This is Why Kids Need to Learn to Code


Proclamations like ‘kids need to learn to code!’ may be accurate but, without some context and conceptual unpacking, they can be rather unhelpful. Thankfully, fellow DMLcentral contributor Ben Williamson has done a great job of problematising the current preoccupation with coding by asking questions like: “What assumptions, practices and kinds of thinking are privileged by learning to code? Who gains from that? And who misses out?” In many ways what follows builds upon these ideas so it’s worth reading Ben’s article first if you haven’t already. Along with the landscape issues identified in Ben’s article there’s a couple of

The Crisis in the Humanities and STEM – and Why We Must Recreate Higher Education


Here’s the punchline: The humanities in the U.S. are in crisis for the same reason that STEM is in crisis – not because of STEM (Science, Technology, Engineering, Mathematics).  And vice versa.  The crisis comes from declining or at least stagnant numbers of students in these areas.  Faculty members are panicking and making snide, demeaning, and sometimes insulting comments about one another instead of coming to terms with the basic issue of why students today aren’t flocking to these subject areas.  To my mind, therein lies one of academe’s biggest problems.  We’re better at defensively placing

How Can We Make Open Education Truly Open?


I have spent the last month being unpopular. I have been in conversation with many ‘Open Everything’ activists and practitioners. At each instance, we got stuck because I insisted that we begin by defining what ‘Open’ means in the easy abuse that it is subject to. It has been a difficult, if slightly tedious exercise, because not only was there a lack of consensus around what constitutes openness, but also a collective confusion about what we mean when we attribute openness to an object, a process or to people. It was easy to define openness as

Beyond the MOOC: ‘Reclaim Open Learning’ Winner Jaaga, A Creative Community Space


The initiative to Reclaim Open Learning launched a competition that was covered here at DMLcentral to recognize projects that were transforming higher education with innovative uses of technology and learner-centered programs.  As Anya Kamenetz argued, publicity for the project recognized the need to get beyond the headlines and “move beyond the MOOC” to highlight new approaches to the “course” part of massive open online courses and divert some of the attention being paid to companies such as Coursera or Udacity that were quickly standardizing formats that did little to effect substantive reform to more creative experiments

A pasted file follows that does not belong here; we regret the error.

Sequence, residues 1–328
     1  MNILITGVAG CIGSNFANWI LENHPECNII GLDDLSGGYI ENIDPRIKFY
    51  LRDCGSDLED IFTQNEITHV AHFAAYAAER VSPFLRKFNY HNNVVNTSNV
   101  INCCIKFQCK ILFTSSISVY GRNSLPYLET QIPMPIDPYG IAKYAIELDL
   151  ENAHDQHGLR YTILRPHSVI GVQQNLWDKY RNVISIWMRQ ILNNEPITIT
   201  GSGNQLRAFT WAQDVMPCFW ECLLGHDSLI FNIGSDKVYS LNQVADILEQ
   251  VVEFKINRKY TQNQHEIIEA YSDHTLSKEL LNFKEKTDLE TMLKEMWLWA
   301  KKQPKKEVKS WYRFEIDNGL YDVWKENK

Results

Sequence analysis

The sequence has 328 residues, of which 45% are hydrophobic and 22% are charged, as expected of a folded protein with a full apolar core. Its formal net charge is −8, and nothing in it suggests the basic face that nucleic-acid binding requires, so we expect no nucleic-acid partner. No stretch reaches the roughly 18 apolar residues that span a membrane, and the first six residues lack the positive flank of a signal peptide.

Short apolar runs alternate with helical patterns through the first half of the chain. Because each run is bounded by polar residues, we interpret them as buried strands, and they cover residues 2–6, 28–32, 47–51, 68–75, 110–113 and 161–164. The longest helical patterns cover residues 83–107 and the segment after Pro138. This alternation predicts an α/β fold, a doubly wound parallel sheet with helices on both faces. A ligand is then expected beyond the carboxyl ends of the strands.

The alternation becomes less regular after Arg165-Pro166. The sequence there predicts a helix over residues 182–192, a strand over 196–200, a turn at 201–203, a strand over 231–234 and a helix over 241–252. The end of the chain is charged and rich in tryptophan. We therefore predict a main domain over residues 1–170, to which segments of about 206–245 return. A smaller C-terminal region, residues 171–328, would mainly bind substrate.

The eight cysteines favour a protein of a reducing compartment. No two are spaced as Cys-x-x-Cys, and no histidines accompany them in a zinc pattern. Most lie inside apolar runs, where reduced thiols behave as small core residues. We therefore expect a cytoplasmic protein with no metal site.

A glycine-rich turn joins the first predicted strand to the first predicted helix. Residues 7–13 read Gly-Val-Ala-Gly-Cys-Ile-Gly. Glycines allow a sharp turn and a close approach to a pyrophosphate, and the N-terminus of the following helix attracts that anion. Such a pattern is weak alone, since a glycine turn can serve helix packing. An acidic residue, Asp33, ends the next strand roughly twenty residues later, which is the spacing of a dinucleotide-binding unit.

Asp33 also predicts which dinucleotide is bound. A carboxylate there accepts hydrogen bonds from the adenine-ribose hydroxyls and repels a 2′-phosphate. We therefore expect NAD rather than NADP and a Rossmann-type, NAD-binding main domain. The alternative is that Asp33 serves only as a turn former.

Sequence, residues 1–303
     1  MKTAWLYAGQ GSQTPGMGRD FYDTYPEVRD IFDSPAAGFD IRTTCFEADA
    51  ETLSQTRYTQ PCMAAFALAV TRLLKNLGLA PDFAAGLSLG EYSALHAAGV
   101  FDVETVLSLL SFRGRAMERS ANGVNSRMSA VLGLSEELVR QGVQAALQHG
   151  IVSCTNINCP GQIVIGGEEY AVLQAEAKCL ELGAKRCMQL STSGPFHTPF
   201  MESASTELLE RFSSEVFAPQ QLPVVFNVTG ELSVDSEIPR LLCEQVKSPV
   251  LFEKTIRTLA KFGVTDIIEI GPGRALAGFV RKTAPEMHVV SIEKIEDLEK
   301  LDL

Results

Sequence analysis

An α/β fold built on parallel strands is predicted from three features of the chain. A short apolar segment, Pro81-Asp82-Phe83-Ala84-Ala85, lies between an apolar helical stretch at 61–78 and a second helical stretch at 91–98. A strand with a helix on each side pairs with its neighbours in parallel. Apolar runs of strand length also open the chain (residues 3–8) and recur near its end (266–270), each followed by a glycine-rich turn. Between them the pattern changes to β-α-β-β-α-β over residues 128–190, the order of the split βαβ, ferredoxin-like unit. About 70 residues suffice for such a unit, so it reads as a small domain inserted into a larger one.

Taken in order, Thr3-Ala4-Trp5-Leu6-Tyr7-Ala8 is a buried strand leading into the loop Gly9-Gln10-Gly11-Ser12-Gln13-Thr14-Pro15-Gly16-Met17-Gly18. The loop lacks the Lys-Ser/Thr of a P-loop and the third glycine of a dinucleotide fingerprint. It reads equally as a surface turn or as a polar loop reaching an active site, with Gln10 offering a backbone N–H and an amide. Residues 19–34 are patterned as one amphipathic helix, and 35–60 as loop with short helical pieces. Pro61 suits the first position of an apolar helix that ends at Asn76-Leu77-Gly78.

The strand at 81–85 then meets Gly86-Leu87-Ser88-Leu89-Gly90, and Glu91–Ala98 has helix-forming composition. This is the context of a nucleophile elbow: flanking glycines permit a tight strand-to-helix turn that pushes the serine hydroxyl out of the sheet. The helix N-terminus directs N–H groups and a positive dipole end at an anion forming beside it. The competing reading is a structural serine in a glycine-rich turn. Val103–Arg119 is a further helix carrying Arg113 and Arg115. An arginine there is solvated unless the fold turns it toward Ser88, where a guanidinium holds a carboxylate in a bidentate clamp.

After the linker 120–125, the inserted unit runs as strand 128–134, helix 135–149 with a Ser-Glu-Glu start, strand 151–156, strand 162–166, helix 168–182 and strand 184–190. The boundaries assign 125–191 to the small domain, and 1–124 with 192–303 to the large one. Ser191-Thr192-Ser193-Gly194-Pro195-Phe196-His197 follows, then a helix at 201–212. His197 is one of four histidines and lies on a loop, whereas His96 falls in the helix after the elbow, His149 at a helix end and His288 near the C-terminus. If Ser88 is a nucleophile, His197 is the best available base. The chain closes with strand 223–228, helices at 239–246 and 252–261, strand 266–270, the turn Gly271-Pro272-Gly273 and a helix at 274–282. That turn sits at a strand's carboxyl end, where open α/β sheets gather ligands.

Programming Power? Does Learning to Code Empower Kids?


The idea that young people should learn to code has become a global educational aspiration in the last few years. What kinds of questions should digital media and learning researchers ask about these developments? I want to suggest three approaches: first, to take a historical look at learning to code; second, to consider it in political and economic context; and third, to understand its cultural dimensions. The importance of learning to code is expressed in catchy slogans and ideas like Douglas Rushkoff’s “program or be programmed,” and the view that if you are not working on

What Counts As Learning?


I have recently contributed to a new issue of the Bank Street occasional papers. The issue is called “The Other 17 Hours: Valuing Out of School Time” and explores recent attention to the meaning and nature of learning during the time not spent at school. My essay describes some of the research I am involved with as part of the Connected Learning Research Network and examines how learning is constructed and enacted in six different kinds of families in London. By showing that who defines learning in domestic contexts and on what basis, I argue that

How Does Electronic Reading Affect Comprehension?


Although electronic texts have been with us for many decades, in the past few years electronic reading has become increasingly popular. The ready availability of mobile, connected devices like smartphones and tablets, along with dedicated ereaders like the Kindle and Nook, have moved electronic reading out from behind a desk into the environment. This change has brought increasing attention to the differences between reading in print and reading via digital devices. In a recent article in Scientific American, Ferris Jabr argues that “paper still has advantages over screens as a reading medium,” claiming that “most studies